Bushfires are a fact of life in Australia. Everywhere you go, there are signs letting you know what the current level of fire danger is. In Australia, there isn’t a question of IF there will be a fire. The question is rather, WHEN will there be a fire. Because bushfire is an inevitable part of Australian life, the fire service constantly encourages the public to have a plan in place. If you have a plan for how your family will react to a bushfire, you’re much more likely to survive. Economic recessions are a lot like bushfires in that they occur regularly, you can’t predict precisely when they’ll begin, but if your hostel makes a plan now, it stands a much better chance of not getting burnt down. Today lets talk about how you can prepare your hostel for a recession.
Something that older people know painfully well, which younger people may not fully grasp is that the economy is cyclical. It’s called the boom-bust cycle and it explains why we have periods when the economy grows interspersed by periods when the economy shrinks.
The Current Travel Index, put out by the US Travel Association, shows that the travel industry has been growing for 107 months straight; we are nearing a decade of steady growth in the sector. The National Bureau of Economic Research shows that the average expansion lasts 58 months. We are approaching the record for the longest period of growth. The longest expansionary period in U.S. history occurred from March 1991 to March 2001. Now, who knows how long the good times will last? If anybody knew for sure, they would be very, very rich. Perhaps we’ll smash the record and the travel industry party will swing on for years to come. The world is facing record-shattering temperatures and the US is going through a record-breaking government shutdown. Perhaps there is no more normal!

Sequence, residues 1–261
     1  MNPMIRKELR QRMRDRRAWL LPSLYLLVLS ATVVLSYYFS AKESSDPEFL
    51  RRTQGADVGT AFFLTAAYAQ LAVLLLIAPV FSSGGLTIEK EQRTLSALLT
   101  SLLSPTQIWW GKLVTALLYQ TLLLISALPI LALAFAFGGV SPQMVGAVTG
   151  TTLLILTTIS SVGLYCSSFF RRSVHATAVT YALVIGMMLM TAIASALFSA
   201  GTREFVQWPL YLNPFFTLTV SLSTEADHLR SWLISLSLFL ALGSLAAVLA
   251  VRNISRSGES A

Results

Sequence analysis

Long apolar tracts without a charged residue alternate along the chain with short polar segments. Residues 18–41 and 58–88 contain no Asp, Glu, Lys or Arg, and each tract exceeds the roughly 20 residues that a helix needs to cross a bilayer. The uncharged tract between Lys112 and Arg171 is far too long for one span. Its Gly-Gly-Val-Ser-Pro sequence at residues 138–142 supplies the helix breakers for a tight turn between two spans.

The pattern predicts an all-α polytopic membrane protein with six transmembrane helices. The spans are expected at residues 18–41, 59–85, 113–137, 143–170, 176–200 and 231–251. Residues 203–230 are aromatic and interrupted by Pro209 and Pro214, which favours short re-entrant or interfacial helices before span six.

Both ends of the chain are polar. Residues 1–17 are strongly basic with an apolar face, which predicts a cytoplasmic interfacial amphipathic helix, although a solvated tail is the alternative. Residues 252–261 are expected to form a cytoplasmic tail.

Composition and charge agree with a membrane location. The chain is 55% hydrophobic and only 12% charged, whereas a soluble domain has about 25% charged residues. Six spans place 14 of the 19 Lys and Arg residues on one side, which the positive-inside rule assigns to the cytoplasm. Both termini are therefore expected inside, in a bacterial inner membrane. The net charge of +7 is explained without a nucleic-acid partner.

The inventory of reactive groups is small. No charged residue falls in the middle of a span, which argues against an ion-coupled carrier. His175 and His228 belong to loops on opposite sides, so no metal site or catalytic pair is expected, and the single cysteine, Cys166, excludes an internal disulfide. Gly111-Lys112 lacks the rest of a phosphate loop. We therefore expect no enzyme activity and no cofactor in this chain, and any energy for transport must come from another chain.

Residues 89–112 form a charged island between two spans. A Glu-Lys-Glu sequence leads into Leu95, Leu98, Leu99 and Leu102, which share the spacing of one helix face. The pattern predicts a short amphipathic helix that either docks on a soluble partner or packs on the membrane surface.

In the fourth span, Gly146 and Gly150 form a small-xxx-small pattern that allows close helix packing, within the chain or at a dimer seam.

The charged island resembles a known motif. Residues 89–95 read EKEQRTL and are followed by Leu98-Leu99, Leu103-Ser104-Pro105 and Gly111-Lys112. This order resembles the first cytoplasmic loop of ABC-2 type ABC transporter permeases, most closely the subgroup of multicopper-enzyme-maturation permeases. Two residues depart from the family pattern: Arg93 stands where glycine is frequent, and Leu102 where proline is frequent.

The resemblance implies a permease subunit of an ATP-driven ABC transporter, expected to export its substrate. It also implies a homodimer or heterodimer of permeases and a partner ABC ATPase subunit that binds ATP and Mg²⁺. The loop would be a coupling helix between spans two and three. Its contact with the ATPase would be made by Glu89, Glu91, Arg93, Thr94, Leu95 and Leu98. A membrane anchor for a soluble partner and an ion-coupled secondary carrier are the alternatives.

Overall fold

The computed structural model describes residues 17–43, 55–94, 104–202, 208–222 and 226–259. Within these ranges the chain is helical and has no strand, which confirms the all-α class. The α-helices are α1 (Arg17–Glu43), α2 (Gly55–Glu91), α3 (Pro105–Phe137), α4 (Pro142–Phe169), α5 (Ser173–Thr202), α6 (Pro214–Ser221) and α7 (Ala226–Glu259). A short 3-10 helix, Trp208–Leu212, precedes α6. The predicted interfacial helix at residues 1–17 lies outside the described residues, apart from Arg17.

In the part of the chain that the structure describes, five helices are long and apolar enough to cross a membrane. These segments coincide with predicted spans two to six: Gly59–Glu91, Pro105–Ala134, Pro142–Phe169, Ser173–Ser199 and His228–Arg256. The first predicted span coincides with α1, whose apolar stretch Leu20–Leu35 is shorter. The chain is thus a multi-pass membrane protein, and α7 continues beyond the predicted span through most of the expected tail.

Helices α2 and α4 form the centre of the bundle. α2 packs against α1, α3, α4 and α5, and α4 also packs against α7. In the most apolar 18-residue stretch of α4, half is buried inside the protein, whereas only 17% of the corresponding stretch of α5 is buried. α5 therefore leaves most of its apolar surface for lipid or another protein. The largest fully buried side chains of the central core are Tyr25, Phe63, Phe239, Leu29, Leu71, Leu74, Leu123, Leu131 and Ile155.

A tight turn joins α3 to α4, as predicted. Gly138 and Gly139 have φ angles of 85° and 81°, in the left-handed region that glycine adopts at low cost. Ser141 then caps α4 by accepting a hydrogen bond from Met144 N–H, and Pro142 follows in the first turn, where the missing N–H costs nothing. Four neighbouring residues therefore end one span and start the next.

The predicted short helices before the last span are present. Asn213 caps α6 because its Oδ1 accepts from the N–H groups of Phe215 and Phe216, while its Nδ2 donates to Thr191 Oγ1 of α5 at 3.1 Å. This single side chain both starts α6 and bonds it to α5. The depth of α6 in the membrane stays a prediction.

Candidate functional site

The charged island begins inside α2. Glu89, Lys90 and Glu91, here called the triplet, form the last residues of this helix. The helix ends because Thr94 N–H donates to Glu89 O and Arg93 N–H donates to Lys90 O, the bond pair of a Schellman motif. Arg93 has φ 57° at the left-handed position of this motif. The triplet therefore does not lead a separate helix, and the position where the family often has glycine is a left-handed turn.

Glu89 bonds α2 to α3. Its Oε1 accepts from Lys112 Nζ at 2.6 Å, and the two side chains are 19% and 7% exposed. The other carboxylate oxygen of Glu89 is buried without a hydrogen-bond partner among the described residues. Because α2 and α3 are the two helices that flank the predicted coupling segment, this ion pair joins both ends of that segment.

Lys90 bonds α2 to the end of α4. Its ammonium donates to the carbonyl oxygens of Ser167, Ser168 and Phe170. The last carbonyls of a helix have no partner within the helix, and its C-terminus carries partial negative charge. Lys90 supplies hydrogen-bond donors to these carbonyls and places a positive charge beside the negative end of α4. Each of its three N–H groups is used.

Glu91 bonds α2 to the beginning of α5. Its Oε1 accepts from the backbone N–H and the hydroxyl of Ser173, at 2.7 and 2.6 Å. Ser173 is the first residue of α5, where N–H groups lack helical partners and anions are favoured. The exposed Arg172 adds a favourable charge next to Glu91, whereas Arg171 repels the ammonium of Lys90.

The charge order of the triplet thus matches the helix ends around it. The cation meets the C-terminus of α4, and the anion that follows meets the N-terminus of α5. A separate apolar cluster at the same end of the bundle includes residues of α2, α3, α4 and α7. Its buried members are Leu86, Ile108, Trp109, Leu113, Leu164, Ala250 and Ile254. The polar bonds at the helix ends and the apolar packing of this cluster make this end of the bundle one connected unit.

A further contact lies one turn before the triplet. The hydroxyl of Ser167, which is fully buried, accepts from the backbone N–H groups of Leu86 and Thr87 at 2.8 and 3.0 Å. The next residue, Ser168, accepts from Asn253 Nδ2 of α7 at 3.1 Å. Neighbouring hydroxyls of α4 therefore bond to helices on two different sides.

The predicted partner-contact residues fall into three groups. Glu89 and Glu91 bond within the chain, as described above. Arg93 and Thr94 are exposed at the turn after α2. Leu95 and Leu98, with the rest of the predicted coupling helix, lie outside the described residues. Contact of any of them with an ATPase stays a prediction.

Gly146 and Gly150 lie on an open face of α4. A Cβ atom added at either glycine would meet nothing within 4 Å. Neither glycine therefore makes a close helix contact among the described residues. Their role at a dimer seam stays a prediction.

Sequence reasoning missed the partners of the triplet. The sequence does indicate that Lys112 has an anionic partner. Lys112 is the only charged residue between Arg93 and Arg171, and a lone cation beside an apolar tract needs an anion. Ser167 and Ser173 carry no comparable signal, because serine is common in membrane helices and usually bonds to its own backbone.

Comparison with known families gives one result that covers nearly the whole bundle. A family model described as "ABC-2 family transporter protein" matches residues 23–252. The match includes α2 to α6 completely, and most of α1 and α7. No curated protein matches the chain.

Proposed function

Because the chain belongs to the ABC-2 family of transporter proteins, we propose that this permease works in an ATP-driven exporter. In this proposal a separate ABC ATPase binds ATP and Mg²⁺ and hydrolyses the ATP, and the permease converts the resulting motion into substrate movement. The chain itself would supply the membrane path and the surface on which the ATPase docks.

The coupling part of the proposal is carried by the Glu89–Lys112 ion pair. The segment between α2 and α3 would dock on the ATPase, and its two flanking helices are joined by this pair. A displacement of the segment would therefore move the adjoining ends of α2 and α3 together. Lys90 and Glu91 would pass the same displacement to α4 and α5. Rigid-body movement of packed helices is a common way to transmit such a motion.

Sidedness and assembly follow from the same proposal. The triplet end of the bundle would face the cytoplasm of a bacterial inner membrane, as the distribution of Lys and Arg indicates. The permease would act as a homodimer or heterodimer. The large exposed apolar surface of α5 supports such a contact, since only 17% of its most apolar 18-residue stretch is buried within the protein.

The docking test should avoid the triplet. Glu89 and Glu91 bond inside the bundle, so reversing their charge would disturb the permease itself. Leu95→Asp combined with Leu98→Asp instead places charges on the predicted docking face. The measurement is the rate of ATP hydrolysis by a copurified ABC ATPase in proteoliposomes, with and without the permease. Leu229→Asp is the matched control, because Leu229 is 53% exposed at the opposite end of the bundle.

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However, the longer the party lasts, the more impending a slowdown for our industry feels. Skift states,
“Given that we are 10 years into this economic expansion, it’s possible some may begin to ask, 'Have we reached the top?' In our view, recessions are not caused by age of the economic cycle alone and, therefore, so long as key indicators remain positive and a negative shock to the global economic system doesn’t occur, we should be in for another solid year of economic growth and travel.”
Naturally we all hope that will be the case, but today I’d like to talk about how to get your hostel in order so that should the music stop, you’re not left unprepared for the party to end.
Labor is always one of the highest variable costs for a hostel. How would your hostel be affected if your revPAB were to shrink and you’re no longer able to afford your current staffing levels? Taking time now, while it’s only a “what if” enables you to put together a contingency plan. With a plan worked out, your hostel will be ready to act, instead of forced to react after your payroll is already bleeding your hostel dry.